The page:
Hammerson shifts its space odyssey changes
The one-time global landlord has cut the sprawl to refocus on Europe - and the retail sector
Sunday 14 May 1995
Under the late Sidney Mason, it was a sprawling global landlord, concentrating on the US, Canada, Australia and the UK. The theory was that, by spreading its assets so widely, it would avoid the worst of the property cycle in any one country. But it found that the world property cycle moved in unison: when one country slumped, they all did.
Mr Spinney's policy has been to cut the sprawl, withdrawing from Australia and focusing on North America, the UK and continental Europe.
Typical of Mr Spinney's opportunism was his decision to buy the Hongkong and Shanghai Bank building in the City of London's Bishopsgate. The building took the brunt of the IRA blast on 24 April 1993, and Hammerson was able to buy it cheaply in March last year. The company has rebuilt it quickly and intends to welcome tenants back this autumn.
"It's got three attractions," Mr Spinney explained. "It's in a great location, we bought it at a time when the City property market was at its lowest in rental values, and we bought a building where 95 per cent was income-producing and we were receiving insurance cover."
But if that was opportunism, there is a deliberate strategy behind Mr Spinney's decision to concentrate on the Northern Hemisphere. He said: "What we have endeavoured to do is to achieve a portfolio distribution in a more limited number of territories, to provide us with the critical mass and economies of scale to enable the best people to manage it without spreading themselves too thin."
So last October the group dumped its entire Australian portfolio for £251m. A month later it diverted £111m of that to three deals in France.
One was the Espace St Quentin shopping centre in the new town of St Quentin- en-Yvelines, 12 miles south-west of Paris. Mr Spinney said: "With signs of a recovery in retail spending, continuing interest in the French retail sector from French and international investors, and a tight planning environment, we believe this is an opportune time to add to our French portfolio. We will consider buying offices, but only in prime Paris locations."
Leaving aside the currency play - and sterling has been a good currency to be out of lately - Hammerson bought the Espace on a yield of 8.3 per cent, better than the 5 per cent or so available on this side of the Channel.
The second deal was £32.6m for 66 per cent of the property subsidiary of Axa, the French insurer, which owns 55 Boulevard Hausmann in the centre of Paris.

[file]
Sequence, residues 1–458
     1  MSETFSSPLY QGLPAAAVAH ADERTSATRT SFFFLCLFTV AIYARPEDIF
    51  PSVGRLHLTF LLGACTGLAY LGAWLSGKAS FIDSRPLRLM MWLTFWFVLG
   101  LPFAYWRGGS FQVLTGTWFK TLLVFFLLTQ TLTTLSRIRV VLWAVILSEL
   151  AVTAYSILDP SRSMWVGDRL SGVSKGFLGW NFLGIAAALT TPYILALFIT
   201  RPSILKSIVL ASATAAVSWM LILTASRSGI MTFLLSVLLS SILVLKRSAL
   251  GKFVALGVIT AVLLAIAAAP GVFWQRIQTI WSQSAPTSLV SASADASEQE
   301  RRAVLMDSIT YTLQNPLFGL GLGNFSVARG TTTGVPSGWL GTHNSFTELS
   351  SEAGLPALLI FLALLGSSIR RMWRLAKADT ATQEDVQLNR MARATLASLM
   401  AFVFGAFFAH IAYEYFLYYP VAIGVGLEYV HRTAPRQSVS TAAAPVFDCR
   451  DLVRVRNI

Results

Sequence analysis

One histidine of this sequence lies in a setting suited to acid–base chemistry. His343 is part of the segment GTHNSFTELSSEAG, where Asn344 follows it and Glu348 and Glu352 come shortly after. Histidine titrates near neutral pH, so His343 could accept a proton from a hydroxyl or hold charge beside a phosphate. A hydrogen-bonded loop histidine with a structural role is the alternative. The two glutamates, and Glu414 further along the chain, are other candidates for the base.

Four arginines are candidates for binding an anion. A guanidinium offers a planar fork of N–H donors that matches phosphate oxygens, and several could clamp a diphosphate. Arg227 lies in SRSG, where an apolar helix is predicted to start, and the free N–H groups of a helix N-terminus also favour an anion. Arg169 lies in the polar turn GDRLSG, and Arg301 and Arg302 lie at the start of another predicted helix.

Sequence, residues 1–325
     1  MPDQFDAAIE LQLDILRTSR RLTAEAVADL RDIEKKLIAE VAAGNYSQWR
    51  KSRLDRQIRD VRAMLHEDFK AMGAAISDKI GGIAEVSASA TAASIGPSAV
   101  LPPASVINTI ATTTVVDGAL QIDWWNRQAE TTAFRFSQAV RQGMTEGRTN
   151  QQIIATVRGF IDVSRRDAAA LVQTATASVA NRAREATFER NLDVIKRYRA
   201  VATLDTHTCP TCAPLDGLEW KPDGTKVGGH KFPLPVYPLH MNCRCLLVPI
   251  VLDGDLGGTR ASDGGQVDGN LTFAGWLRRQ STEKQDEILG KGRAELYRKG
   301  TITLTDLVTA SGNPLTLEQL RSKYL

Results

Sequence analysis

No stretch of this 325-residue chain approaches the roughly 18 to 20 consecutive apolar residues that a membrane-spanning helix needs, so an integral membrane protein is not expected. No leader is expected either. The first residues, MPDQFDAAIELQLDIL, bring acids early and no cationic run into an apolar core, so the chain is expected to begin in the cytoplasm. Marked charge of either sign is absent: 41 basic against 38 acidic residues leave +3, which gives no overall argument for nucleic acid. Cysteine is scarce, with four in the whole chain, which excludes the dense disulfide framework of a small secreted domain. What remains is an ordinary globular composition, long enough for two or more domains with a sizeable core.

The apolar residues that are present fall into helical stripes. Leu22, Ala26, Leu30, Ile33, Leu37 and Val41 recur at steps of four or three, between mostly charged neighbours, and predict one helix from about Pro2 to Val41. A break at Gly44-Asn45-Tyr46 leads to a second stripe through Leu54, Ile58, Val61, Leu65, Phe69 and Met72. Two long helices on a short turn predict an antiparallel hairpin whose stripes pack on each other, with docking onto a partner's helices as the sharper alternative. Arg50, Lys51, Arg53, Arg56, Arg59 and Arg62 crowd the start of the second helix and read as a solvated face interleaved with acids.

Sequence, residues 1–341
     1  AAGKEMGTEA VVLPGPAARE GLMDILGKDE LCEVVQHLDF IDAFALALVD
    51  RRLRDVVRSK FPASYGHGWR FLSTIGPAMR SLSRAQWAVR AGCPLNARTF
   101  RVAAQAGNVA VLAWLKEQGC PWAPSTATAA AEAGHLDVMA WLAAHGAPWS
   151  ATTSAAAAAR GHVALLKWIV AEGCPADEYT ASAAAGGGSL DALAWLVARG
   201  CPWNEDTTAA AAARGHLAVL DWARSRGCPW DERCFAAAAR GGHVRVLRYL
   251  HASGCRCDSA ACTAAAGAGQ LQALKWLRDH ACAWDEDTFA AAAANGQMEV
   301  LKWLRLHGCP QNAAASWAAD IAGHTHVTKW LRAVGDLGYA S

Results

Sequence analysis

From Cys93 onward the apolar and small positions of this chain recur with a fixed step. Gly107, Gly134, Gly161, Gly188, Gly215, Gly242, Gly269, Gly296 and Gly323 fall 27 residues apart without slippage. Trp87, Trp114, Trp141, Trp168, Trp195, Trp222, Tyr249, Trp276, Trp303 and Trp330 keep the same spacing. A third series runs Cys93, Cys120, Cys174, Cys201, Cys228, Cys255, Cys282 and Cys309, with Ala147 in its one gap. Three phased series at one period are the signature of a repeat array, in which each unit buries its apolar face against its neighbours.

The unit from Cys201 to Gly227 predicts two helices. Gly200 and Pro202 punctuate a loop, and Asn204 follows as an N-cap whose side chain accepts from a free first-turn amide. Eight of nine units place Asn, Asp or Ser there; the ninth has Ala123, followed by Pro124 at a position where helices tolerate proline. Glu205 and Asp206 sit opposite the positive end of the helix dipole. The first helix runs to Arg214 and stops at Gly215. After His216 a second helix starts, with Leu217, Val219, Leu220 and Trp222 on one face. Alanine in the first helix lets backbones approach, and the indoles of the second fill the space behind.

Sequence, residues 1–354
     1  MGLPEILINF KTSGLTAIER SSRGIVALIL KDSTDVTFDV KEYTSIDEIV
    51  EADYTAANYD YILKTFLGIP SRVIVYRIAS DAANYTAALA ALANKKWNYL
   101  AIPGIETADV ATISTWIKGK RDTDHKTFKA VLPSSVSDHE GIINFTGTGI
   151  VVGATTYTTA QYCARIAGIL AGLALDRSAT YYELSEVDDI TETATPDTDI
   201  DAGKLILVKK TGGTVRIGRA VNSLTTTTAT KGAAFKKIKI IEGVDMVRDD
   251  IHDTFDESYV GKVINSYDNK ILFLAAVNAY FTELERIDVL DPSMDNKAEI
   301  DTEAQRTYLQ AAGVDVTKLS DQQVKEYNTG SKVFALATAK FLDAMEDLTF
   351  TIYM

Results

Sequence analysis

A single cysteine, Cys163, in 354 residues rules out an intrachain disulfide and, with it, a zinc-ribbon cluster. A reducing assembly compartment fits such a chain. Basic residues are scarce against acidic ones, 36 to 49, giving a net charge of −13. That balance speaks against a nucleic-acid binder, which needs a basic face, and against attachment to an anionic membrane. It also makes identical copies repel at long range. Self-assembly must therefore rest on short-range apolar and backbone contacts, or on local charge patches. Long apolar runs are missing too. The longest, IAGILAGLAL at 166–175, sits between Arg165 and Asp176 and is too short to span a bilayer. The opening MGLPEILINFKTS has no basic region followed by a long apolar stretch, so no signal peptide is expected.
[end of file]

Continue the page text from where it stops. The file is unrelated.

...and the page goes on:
The third deal, which was announced this January, was £24m for a controlling stake in Matignon Trois Fontaines, which owns 88 retail units in Les Trois Fontaines shopping centre in Cergy-Pontoise, a new town north-west of Paris.
In the same week, Hammerson sold more than a million square feet of offices in Calgary for £62m, and wants to sell its two remaining office buildings in the US. "But that does not mean we are pulling out of the US," Mr Spinney insisted. "It is just that we have been rebalancing our portfolio from offices towards retail."
Hammerson's office / retail split has changed from 55/45 to 40/60 in the past two years, as that is where Mr Spinney sees the value shifting, particularly as the European economies recover. He wants to have half the group's assets in the UK, with about a quarter each in North America and continental Europe, by which he means specifically France and Germany.
The notable feature of Hammerson's current investments is the preference for investment in completed properties, rather than going in for development.
"We are in a cash-flow business," Mr Spinney explained, "particularly if inflation remains subdued. In those circumstances developments are not viable, after allowing for building costs and land values. Instead we shall rely on buying properties with an income stream, where we can increase rental values and provide added services. We are fundamentally a service business."
That message has taken time to percolate into the consciousness of the investing institutions at the core of Hammerson's share register, conditioned as they were to the now-discredited previous regime. But as conditions improve and the Spinney strategy begins to prove itself, Hammerson shares should be in for an upward rerating.
Activities International property investment and development.
Share price 329p Prospective yield 4.1% Prospective price-earnings ratio 22.2 Dividend cover 1.4 1993 1994 1995* Income £118.9m £121.3m £124m Pre-tax profit £30.5m £52.7m £56.3m Net profit £21.7m £41.1m £44m Earnings per share 10.2p 14.3p 14.4p Dividend per share 10p 10p 10.5p (* forecast)
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